Back in the Pacific Northwest 2020

While waiting out the Corona Virus 19, we are back home in Portland, Oregon. We have just finished (March 2020) repainting and servicing boat systems after our two-year, 15,000 mile tour of North America.

24 March 2020 | Portland, Oregon
29 August 2019 | Astoria, Oregon
10 June 2019 | Friday Harbor, WA
06 June 2019 | Nanaimo, BC, Canada
20 May 2019 | Golfito, Costa Rica
19 May 2019 | Golfito, Costa Rica
18 May 2019 | Golfito, Costa Rica
14 May 2019 | Golfito, Costa Rica
10 May 2019 | Golfito, Costa Rica
07 May 2019 | Golfito, Costa Rica
04 May 2019 | Golfito, Costa Rica
02 May 2019 | Golfito, Costa Rica
23 April 2019 | Golfito, Costa Rica
23 April 2019 | Pt. Burica, Costa Rica
22 April 2019 | Pt. Burica, Costa Rica
18 April 2019 | Puerto Armuelles, Panama
16 April 2019 | Isla Coliba, Panama
10 April 2019 | La Playita Marina, Panama
04 April 2019 | Shelter Bay Marina, Panama
27 March 2019 | Shelter Bay Marina, Panama


09 April 2018 | Approaching Grand Cayman, W. Caribbea n
George Stonecliffe
As we planned to leave Panama, we heard of five incidents of piracy in the western Caribbean over the last 3 years. The incidents occurred in December and January with the last incident in January 2018. Boats were stopped, and money was taken. We're not aware of other details. So everyone was talking about it who was going north. How far east are you going to go through the Nicaraguan Reef Basin? Were these fishermen taking advantage of the opportunity? Three of the five were reasonably close, looking at their latitude/longitude. They were all northwest of Isla Providentia off of Honduras. We plotted the waypoints on our chartplotter with 'skull and crossbones' so we would remember them. Our path north to the Grand Cayman allowed us to go through reefs with a 1+ knot current, and 80 miles east of the January incident. So what would you do? We turned off our AIS identification in case the pirates were sophisticated. We didn't use any running lights at night. Only if we saw a big tanker did we turn the lights and AIS on, until we passed each other. Then we would turn them off again. Only the morning of the third day to the Grand Cayman did we feel safely past the danger area. And now our AIS is crucial because we are in the shipping lanes, seeing as many as six ships in a 25 mile radius at one time. That's busy! So, there was no Black Pearl this season, Mon!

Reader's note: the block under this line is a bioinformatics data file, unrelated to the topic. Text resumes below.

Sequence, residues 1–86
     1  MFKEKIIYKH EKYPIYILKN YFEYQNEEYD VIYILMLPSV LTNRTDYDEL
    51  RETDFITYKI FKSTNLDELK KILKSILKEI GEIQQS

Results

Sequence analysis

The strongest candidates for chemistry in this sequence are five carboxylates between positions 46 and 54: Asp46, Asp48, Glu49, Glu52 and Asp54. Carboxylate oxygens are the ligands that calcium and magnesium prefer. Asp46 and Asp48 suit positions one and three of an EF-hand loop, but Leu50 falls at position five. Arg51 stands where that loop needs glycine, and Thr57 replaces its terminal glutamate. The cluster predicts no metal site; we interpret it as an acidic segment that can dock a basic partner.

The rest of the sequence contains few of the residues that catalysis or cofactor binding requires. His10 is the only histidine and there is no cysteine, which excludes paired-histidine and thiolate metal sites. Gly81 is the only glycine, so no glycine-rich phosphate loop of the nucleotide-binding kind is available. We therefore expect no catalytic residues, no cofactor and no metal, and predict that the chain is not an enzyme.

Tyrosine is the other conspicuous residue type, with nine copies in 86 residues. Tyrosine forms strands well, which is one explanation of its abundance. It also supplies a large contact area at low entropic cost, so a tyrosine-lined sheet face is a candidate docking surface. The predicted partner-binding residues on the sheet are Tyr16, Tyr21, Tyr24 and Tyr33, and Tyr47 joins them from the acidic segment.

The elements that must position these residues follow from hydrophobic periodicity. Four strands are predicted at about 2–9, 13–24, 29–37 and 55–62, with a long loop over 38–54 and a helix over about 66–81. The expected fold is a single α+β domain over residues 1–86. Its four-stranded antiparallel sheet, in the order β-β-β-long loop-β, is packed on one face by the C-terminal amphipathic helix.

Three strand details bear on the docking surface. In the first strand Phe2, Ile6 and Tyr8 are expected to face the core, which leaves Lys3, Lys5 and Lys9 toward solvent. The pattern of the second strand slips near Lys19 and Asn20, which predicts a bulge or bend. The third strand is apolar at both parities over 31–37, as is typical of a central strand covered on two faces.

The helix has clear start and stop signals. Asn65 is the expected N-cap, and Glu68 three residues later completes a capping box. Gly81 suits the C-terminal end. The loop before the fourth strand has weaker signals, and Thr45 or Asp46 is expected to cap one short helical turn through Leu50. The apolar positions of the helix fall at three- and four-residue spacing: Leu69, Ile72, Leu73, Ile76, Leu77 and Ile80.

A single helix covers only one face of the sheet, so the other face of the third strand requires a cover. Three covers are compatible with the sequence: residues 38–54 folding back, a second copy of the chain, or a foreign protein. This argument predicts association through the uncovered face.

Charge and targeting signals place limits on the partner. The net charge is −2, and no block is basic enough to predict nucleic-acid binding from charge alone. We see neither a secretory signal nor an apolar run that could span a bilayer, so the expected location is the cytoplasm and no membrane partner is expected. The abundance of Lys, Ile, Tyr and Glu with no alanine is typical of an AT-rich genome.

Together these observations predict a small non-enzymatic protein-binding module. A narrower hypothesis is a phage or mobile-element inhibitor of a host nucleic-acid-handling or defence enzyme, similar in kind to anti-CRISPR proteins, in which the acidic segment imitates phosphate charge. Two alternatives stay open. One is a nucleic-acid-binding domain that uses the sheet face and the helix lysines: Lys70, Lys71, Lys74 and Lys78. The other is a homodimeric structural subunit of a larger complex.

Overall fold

Vessel Name: Julia Max
Vessel Make/Model: 45' Passport/Peterson Custom Ketch
Hailing Port: Portland, Oregon, USA
Crew: George and Sue Stonecliffe
The last six months (Sept 2019 to March 2020) have been in the Schooner Creek Boatworks facility, repairing fiberglass, repainting, servicing electronics, AC electrical, and updating boat features. It's good to be free now, just waiting for the Corona Virus 19 pandemic to subside. [...]
Julia Max's Photos - Main
2 Photos
Created 4 July 2017
8 Photos
Created 5 May 2011